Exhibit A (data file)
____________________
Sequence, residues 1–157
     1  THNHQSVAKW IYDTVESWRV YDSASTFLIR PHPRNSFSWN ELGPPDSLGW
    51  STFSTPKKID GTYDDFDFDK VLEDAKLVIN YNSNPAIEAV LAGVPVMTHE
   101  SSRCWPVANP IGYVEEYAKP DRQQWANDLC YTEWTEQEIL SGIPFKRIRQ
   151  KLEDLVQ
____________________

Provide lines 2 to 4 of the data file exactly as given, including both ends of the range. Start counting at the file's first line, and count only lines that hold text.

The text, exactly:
     1  THNHQSVAKW IYDTVESWRV YDSASTFLIR PHPRNSFSWN ELGPPDSLGW
    51  STFSTPKKID GTYDDFDFDK VLEDAKLVIN YNSNPAIEAV LAGVPVMTHE
   101  SSRCWPVANP IGYVEEYAKP DRQQWANDLC YTEWTEQEIL SGIPFKRIRQ